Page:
Cement News

Mixed signals in capacity utilisation: Cement, steel up, FMCG, auto lag


THE STEADY uptick in capacity utilisation in the manufacturing sector over three quarters till March-end 2022 are encouraging, but experts are of the view that tighter monetary policy conditions and subdued demand may weigh on the investment sentiment.

Analysts said capacity utilisation of 75-80 per cent needs to be sustained over 3-4 quarters for it to translate into an expansionary drive by the industry. Besides, there are mixed signals within sectors too. While steel and cement are witnessing an uptick, capacity utilisation in auto and consumer goods continue to lag.

Capacity utilisation is the ratio of actual output to the potential output that can be produced under normal conditions. Higher capacity utilisation, accompanied by order book growth, signals robust demand conditions in the economy.

Cement demand likely witnessed a mid-teen rebound in the year-ending March 2022, having achieved capacity utilisation of about 70 per cent. It is seen rising by mid-to-high single digits this year too with the government’s thrust on infrastructure and affordable housing, and a revival in corporate capital expenditure, said Fitch Ratings in a report last week. Steel consumption too is seeing a pickup, and is estimated to have risen by 4.1 per cent month-on-month to 9.4 MT in May and exceeded the pre-Covid output of May 2019 by 6.7 per cent, said another rating agency ICRA.

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The capacity utilisation in manufacturing rose to 74.5 per cent in January-March 2022 from 72.4 per cent in October-December 2021 and 68.3 per cent in July-September 2021, as per RBI’s Order Books, Inventories and Capacity Utilisation Survey or OBICUS, a quarterly quantitative survey, which collects information on product-wise utilised production capacity at the firm level to derive aggregate level capacity utilisation. RBI Governor Shaktikanta Das referred to this after the June 8 monetary policy review and said investment activity is expected to strengthen, driven by rising capacity utilisation.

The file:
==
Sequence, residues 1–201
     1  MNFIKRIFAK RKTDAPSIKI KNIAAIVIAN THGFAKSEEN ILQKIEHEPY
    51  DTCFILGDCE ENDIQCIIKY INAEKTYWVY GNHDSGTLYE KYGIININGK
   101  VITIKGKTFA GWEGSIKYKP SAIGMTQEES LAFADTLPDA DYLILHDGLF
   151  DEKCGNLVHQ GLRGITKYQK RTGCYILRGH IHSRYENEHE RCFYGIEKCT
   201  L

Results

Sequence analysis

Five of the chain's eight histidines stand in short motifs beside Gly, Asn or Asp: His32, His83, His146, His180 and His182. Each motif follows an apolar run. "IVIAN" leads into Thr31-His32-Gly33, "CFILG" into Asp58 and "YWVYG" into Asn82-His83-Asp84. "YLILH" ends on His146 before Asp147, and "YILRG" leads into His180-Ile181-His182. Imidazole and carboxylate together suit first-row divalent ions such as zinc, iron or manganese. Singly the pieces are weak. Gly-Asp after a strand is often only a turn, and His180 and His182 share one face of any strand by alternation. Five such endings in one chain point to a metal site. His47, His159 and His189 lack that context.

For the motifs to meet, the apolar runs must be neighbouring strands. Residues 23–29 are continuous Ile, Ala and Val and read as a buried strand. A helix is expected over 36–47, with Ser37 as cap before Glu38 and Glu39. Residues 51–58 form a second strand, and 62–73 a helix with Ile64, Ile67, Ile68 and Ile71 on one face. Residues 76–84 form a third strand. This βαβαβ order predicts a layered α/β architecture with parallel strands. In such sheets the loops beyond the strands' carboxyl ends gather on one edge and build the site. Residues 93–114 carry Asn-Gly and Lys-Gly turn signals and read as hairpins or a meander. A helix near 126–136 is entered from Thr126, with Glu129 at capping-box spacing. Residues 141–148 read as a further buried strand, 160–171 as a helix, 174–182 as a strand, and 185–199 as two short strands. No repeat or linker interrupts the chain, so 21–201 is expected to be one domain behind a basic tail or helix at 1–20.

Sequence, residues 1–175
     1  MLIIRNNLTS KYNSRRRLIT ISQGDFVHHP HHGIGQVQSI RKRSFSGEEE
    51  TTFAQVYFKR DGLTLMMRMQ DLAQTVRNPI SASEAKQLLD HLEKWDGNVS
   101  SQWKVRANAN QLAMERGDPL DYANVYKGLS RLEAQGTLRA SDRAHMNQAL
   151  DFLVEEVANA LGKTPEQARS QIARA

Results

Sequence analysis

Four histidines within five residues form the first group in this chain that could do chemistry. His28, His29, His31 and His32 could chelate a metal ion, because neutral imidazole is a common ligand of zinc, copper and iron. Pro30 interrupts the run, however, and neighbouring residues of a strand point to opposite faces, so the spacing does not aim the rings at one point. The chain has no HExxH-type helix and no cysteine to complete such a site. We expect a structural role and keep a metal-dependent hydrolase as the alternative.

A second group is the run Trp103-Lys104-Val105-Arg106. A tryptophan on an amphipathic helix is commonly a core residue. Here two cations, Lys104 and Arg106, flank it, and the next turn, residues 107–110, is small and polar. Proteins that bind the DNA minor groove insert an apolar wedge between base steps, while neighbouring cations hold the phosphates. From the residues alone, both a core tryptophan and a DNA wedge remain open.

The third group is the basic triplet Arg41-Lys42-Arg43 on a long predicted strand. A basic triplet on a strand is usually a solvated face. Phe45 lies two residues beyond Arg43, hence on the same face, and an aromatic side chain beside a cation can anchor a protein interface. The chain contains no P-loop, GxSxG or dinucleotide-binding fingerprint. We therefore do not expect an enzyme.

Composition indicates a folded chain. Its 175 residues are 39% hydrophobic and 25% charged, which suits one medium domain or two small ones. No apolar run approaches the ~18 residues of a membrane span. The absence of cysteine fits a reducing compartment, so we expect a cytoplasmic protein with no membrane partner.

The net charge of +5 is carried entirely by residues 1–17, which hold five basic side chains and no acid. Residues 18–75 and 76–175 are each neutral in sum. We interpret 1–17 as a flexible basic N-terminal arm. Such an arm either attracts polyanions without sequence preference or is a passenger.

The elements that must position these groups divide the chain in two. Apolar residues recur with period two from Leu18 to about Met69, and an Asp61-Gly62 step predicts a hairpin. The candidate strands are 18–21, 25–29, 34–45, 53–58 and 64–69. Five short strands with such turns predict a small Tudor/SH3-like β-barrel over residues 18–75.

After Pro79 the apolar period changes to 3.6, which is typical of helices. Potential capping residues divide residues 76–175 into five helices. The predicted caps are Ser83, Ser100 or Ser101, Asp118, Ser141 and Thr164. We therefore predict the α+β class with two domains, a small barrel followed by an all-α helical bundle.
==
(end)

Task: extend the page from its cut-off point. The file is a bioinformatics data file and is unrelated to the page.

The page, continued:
But in sectors such as FMCG and automobiles, demand concerns weigh heavily. While some auto segments like commercial vehicles and SUVs are seeing a spike in demand, mass market segments like two-wheelers and smaller cars continue to struggle to gain volumes. With the semiconductor shortage easing a bit, the wholesale despatches of passenger vehicles (PVs) in May improved over May 2019, a non-Covid year. But sales were still lower than in 2018 when the segment witnessed strong growth. The two-wheeler wholesale dispatches in May were not far off from the volumes achieved three years ago, but also below the figures obtained nine years back.

In FY22, as per data provided by Society of Indian Automobile Manufacturers, two-wheeler dispatches fell to a 10-year low of 1.35 lakh units. Similarly, demand has remained subdued for FMCG companies, with a marginal sales growth visible in value terms, but falling demand as evidenced by flagging volumes.

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Even in cement, faster new capacity additions are expected to bring the utilisation in the sector from about 70 per cent in FY20 to 65 per cent since these are expected to outpace demand amidst consolidation in the sector, said Fitch Ratings.

So, it may be still early for a fully drawn out path of capacity expansion and fresh investments therein.

“Generally, when capacity utilisation remains around 75-80 per cent levels, the industry starts thinking about expansion. But it’s subject to certain conditions — will the trend sustain? Or is it because of some one-off phenomenon? When it sustains, then they will think about going to the drawing board and start making decisions… if it (capacity utilisation) now remains at this level for 1-2 quarters, then there will be more surety that demand is going to stay,” said Devendra Kumar Pant, Chief Economist, India Ratings said.